From Mediate via Lucianne:
This follows on the heels of the Obama Administration refusing to allow the Senate Finance Committee’s Subcommittee on International Trade, Customs and Global Competitiveness to review the proposed treaty. Gee, I wonder why.Early Wednesday morning, the non-profit consumer rights advocacy group and long-time critic of President Barack Obama, Public Citizen, released a leaked trade document detailing the administration’s trade objectives. The document is said to be one of the most controversial of the Trans-Pacific Partnership trade pact, a multilateral free trade agreement aimed to liberalize economies in the Asia-Pacific region.
[...]Much of the document focuses on granting multinational corporations, specifically those from overseas, more political power through clauses that will anger environmental activists and labor unions. As established by the document, international multinational corporations would be able to appeal American laws regulating trade to an international tribunal, which would then rule for or against the request.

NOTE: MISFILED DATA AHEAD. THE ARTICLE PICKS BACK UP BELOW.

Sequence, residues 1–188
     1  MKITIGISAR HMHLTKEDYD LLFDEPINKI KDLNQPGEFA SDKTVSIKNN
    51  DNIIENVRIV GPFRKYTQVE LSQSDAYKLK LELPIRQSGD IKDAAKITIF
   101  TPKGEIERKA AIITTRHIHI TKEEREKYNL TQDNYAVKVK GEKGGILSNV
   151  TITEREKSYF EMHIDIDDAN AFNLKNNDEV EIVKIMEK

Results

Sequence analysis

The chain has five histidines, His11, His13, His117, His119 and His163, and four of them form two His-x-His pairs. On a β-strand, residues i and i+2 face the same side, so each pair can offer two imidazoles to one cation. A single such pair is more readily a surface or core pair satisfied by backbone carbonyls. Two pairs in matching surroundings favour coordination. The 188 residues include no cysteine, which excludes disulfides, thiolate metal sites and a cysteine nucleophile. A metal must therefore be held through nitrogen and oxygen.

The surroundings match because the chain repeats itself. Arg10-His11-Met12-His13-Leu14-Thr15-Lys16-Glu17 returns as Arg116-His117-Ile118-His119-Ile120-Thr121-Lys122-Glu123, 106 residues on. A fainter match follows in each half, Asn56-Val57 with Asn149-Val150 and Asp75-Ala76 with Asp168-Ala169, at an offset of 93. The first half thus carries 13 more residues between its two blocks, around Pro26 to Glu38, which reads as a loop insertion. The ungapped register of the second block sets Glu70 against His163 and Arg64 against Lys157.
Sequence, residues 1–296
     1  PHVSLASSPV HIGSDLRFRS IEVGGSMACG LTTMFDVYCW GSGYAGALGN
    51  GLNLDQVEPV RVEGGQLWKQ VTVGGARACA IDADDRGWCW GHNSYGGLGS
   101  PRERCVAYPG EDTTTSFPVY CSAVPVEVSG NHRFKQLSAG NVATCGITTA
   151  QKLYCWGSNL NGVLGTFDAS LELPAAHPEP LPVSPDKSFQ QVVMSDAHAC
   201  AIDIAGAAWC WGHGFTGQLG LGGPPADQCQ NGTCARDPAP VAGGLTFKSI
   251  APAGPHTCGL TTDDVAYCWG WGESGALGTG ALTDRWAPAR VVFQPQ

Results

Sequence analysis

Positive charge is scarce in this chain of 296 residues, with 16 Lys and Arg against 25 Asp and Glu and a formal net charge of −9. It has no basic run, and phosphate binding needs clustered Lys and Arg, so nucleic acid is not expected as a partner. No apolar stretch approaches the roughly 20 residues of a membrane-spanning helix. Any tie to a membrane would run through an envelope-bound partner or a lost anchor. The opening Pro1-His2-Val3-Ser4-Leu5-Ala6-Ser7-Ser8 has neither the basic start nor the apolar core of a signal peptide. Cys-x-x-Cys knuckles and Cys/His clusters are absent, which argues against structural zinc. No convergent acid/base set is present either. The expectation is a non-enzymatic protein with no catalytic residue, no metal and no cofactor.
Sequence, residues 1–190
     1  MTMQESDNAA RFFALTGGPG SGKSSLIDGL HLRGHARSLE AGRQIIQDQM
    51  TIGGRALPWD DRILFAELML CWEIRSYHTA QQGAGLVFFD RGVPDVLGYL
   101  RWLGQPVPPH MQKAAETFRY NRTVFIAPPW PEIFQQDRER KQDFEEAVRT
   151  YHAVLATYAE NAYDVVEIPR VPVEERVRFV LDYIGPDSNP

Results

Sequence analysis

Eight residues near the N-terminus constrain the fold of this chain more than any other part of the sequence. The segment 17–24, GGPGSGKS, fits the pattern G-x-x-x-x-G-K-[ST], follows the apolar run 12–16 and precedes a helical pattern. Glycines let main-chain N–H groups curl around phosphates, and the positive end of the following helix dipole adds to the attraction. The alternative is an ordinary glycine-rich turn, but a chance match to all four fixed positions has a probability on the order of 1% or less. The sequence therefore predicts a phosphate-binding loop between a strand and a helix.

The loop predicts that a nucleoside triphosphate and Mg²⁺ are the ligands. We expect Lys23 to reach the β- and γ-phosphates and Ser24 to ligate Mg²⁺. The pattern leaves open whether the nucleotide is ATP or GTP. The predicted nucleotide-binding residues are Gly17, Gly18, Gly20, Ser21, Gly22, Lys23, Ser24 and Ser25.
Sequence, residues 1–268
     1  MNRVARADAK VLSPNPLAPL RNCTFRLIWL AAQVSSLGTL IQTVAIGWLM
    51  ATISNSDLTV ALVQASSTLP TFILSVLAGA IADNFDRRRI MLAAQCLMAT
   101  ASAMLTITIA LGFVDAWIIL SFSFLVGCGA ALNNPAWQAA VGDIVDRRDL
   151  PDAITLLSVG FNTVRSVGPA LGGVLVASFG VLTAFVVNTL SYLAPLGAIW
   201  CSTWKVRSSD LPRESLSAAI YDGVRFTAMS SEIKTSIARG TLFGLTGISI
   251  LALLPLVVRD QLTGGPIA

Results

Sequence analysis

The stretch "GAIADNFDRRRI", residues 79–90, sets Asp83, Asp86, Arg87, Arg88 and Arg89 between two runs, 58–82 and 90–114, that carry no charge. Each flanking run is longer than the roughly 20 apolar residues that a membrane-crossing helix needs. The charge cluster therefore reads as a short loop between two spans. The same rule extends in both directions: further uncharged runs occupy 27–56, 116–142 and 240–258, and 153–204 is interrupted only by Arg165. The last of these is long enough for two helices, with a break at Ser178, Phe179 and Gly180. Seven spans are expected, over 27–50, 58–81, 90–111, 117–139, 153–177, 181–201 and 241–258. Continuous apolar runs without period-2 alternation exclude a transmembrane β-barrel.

The Public Citizen takes this treaty for a test drive and finds that it is a very bumpy ride:
“The outrageous stuff in this leaked text may well be why U.S. trade officials have been so extremely secretive about these past two years of TPP negotiations,” said Lori Wallach, director of Public Citizen’s Global Trade Watch. “Via closed-door negotiations, U.S. officials are rewriting swaths of U.S. law that have nothing to do with trade and in a move that will infuriate left and right alike have agreed to submit the U.S. government to the jurisdiction of foreign tribunals that can order unlimited payments of our tax dollars to foreign corporations that don’t want to comply with the same laws our domestic firms do.”Although the TPP has been branded a “trade” agreement, the leaked text of the pact’s Investment Chapter shows that the TPP would:
- Limit how U.S. federal and state officials could regulate foreign firms operating within U.S. boundaries, with requirements to provide them greater rights than domestic firms;
- Extend the incentives for U.S. firms to offshore investment and jobs to lower-wage countries;
- Establish a two-track legal system that gives foreign firms new rights to skirt U.S. courts and laws, directly sue the U.S. government before foreign tribunals and demand compensation for financial, health, environmental, land use and other laws they claim undermine their TPP privileges; and
- Allow foreign firms to demand compensation for the costs of complying with U.S. financial or environmental regulations that apply equally to domestic and foreign firms.